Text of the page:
The “just deport them” attitude of the conservative GOP movement is neither helpful nor humanitarian. They are not caring about the children, but, using war metaphors, claim there is something sinister about the recent movement of children across thousands of miles to find a better and safer home in the United States.

Isn’t that the reason for the immigration movements since the settlers in Plymouth?

The House ultra-conservative GOP is claiming victory in the immigration reform race. It is not. The bill they proposed simply does away with any reasonable attempt through our legal system for children to find hope for a future without the threat of violence and poverty.

What I find most disturbing is the attempt to militarize the border by adding $35 million to reimburse states for deploying National Guard troops, such as Texas’ Gov. Perry did last month.

The building of fences and walls, the addition of the military and our southern border look no different than 1950s Berlin or modern-day Israel. But, as we have seen over the years, walls do not keep people out (or in), and there will always be a resourceful few who can find the holes.

A real comprehensive plan discusses what will be done with the almost 12 million undocumented individuals living and working in the United States now. (By the way, that is down by about 1 million since 2007.)

Many of the adults are working, paying taxes, supporting our economy and doing the jobs that Americans find repugnant. It will cost us a lot more than $650 million to identify and deal with the men, women and children, provide detention centers — that no one wants in their backyard — and return them to their countries of origin.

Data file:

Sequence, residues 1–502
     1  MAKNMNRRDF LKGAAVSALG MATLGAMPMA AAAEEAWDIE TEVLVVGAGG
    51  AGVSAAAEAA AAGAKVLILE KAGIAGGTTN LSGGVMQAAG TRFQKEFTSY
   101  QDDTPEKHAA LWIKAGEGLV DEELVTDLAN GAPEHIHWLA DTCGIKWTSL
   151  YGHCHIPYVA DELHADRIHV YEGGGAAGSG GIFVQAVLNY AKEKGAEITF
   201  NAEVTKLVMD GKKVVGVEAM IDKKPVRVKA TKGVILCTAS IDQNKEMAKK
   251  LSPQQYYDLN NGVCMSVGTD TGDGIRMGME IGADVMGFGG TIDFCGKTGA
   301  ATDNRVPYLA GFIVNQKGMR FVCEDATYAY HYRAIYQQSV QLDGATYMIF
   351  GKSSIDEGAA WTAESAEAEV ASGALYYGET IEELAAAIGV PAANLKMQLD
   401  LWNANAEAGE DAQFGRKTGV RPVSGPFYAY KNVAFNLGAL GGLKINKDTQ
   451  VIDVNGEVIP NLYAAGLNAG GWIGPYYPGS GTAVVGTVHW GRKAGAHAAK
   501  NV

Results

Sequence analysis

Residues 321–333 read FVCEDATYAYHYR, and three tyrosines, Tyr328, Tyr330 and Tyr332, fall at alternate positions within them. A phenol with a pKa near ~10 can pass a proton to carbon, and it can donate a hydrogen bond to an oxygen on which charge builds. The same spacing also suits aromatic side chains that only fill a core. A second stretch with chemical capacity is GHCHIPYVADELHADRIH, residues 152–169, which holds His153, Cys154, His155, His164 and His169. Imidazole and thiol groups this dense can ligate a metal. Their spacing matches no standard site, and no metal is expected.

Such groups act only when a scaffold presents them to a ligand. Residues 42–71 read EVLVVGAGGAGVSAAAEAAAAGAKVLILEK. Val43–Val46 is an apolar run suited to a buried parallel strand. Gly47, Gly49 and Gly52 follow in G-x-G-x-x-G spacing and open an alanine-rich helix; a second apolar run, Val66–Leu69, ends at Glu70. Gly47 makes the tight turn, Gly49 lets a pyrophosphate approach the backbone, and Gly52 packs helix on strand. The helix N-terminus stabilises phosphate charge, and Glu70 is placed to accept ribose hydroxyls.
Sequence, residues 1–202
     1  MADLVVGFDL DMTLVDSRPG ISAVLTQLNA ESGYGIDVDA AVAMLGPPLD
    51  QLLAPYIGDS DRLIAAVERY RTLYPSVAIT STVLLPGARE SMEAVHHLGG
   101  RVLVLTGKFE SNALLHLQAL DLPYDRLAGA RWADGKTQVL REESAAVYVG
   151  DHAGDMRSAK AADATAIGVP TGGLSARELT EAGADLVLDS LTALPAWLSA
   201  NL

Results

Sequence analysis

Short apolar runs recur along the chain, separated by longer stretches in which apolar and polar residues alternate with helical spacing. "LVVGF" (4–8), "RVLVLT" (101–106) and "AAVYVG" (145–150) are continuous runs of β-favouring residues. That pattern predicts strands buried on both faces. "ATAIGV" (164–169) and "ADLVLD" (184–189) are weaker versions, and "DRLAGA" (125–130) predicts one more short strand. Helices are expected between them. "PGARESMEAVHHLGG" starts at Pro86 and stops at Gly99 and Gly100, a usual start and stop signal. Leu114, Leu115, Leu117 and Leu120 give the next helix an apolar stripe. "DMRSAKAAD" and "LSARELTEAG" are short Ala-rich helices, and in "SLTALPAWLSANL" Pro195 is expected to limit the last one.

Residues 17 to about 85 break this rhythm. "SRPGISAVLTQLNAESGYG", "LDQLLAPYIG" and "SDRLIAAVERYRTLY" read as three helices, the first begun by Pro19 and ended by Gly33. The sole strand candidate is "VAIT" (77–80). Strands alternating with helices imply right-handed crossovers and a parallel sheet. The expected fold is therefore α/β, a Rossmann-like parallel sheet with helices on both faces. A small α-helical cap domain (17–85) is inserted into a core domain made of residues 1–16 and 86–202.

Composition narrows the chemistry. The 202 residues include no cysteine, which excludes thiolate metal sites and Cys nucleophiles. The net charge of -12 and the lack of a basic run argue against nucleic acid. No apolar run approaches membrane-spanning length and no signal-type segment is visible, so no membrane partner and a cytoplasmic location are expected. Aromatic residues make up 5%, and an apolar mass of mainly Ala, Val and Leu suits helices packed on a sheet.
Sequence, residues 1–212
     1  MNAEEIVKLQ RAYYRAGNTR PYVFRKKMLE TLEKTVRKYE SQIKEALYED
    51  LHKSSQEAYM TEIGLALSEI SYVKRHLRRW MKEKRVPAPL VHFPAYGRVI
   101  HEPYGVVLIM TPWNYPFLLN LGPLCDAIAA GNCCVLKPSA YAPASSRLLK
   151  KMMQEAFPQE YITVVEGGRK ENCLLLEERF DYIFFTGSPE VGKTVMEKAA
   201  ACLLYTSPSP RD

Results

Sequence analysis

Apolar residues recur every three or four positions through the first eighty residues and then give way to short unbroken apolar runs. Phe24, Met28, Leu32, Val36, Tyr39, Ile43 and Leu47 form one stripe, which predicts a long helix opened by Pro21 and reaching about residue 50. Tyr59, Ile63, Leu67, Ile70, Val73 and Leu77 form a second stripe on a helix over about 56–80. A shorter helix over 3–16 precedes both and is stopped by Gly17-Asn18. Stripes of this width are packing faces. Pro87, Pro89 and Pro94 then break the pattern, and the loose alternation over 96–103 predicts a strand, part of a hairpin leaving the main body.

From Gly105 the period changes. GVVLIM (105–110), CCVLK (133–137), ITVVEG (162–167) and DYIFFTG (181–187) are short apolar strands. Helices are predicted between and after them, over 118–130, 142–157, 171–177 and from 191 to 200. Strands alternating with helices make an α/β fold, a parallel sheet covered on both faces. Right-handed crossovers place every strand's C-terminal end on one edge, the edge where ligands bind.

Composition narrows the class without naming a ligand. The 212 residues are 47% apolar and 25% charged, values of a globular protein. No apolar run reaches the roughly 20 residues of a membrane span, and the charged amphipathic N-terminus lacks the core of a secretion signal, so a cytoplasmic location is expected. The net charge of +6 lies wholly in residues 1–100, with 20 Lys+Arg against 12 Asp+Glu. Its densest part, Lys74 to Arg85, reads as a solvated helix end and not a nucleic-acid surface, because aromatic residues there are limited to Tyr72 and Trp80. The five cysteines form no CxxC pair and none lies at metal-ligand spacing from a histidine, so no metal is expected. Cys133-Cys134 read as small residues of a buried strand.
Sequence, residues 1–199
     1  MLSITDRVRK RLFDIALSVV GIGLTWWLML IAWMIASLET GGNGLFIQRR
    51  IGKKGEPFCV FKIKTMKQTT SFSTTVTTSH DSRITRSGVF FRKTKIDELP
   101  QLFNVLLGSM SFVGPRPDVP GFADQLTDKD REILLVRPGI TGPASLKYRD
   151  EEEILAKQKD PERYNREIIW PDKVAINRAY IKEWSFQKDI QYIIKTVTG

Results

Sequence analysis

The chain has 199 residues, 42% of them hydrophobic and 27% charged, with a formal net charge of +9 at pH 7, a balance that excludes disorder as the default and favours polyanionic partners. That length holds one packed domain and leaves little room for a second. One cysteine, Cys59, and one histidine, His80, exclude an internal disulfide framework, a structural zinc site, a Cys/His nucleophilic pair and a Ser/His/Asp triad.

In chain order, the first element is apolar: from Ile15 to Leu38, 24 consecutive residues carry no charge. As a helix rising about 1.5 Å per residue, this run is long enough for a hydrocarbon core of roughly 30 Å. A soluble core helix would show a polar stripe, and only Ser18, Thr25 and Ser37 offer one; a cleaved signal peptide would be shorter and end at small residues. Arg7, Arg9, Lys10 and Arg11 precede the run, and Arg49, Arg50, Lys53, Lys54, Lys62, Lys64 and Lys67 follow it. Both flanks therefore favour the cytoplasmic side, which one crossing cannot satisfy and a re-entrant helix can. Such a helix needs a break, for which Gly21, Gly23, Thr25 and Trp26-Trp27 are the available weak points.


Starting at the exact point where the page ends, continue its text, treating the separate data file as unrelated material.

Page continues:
“Just kick them out” is not an answer. It is a reaction to the influx of new and younger immigrants traveling to the U.S.

The 17 percent increase in juvenile illegal immigrants alone is a humanitarian crisis, and we need more than thrown-together-at-the-last-minute legislation to fix the problems.

We need a comprehensive package.

David Rosman is an editor, writer, professional speaker and college instructor in communications, ethics, business and politics. He writes a weekly column for the Missourian.

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Ellis Smith August 6, 2014 | 5:23 p.m.

So what SPECIFICALLY is that policy to be?

The United States historically and currently has a different method for establishing citizenship at birth than most civilized countries. Our system uses place of birth, whereas the other system is by the citizenship of the parent (typically the father).